Oddly enough, the simplest form of early-season trout fishing, dunking a worm, can pose the most complex question: What hook do I use? That’s especially true in this era of catch-and-release, when you might want to keep a few trout for dinner and return the rest to the water. Your choice of hook and how you fish it are central to the issue of releasing worm-caught trout alive.
The best way to rig a live worm is with most of the hook buried in the worm’s center portion and with the ends of the worm dangling freely. This is more natural looking than a wadded-up gob of nightcrawler. So-called bait-holder hooks have small barbs on the shank to keep the worm from sliding down and bunching up in the bend. This style is by far the best choice for standard worming.
Be sure to match both hook and worm proportions to the trout you expect to catch. A big nightcrawler belongs on a size 2 or 4 hook and is best for targeting larger brown trout. For most trout fishing, sizes 6 or 8 work best with dillies (small nightcrawlers) or small garden worms. Stay away from hooks with heavy snells; instead tie a hook directly to your fine line or leader. Some excellent choices include the classic Eagle Claw 181, VMC’s model 7292 bait-holder, and Gamakatsu’s bait-holder.
But here’s the rub. Most trout caught by this conventional rigging style are going to be fatally hooked in the gut. That’s fine as long as you’re killing fish to take home. If you want to release small trout in hopes of getting a big one or if you want to keep fishing without killing a limit, then you’ve got a problem.
One solution, which works with the conventional hooks, is to fish actively. That means drifting your worm along the bottom and setting the hook immediately at the first tap or darting of the line. Most trout grab the live bait hard and gulp it quickly; you’ve got no more than a couple of seconds to make a hookset before the whole rig is deep in the fish’s throat. You’ll sometimes miss a fish by striking too fast, but you should manage to hook most trout in the jaw.
The other option is to use circle hooks. These are an improvement, although I’ve found that they’re by no means perfect.
These oddly shaped hooks have a wide, circular bend, and the point angles up toward the shank instead of aiming straight ahead. In theory, the curved point will slide out of a fish’s gut and catch in the fish’s jaw as the hook starts to rotate out of the mouth. Circle hooks have been the subject of some extravagant reports. Many have claimed to achieve 100 percent jaw hookups when fishing with bait.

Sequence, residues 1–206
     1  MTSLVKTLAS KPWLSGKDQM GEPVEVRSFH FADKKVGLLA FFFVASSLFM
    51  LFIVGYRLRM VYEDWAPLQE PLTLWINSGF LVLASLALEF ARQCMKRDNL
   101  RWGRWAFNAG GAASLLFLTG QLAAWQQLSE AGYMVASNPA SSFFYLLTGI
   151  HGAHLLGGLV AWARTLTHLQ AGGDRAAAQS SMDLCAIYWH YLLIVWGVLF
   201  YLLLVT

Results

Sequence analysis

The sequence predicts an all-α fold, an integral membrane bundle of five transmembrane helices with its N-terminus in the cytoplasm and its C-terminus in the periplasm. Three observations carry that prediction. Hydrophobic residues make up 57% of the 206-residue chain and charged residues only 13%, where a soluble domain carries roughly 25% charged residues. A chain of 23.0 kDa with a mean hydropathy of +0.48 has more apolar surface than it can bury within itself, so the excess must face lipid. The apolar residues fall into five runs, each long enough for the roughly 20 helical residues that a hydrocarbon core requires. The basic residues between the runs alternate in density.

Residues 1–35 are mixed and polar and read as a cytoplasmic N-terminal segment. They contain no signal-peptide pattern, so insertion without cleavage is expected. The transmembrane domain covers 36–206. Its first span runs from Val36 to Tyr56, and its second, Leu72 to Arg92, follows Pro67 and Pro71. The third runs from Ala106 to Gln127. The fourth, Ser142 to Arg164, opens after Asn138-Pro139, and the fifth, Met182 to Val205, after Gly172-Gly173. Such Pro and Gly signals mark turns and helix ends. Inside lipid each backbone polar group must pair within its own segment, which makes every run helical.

Over the past two seasons, I tested various circle-hook sizes and styles in worm fishing for stream trout. If I allowed the fish time to swallow the bait, about 50 percent of the trout were jaw-hooked. The remaining fish were gut-hooked even though I followed the manufacturers’ directions carefully-making no hard hooksets and letting the pulling fish hook themselves. Granted, these were small-stream trout, and my testing extended over a few dozen rather than several hundred fish. Circle hooks, I found, were a big improvement over standard bait hooks in terms of reduced gut-hooking, but they aren’t as fail-safe as I’d been told.
In any case, circle hooks will allow you to release more-but not all-worm-caught trout unharmed. Be sure to use non-offset circle hooks rather than those with the point bent to the side. The most successful model I’ve used so far in worm fishing is a size 6 Eagle Claw L702, a non-offset light-wire hook that’s worked well for small-stream trout. For larger trout or larger baits, go up to size 2. If you’re among the many who like to prop a rod on a forked stick at the edge of a trout pool, circle hooks are a great choice. Because you’re not holding the rod and can’t make a quick hookset, most trout will completely swallow your worrm. Using a circle hook means that at least half of those fish will still be jaw-hooked and can be released if you like, which is a huge improvement over conventional hooks.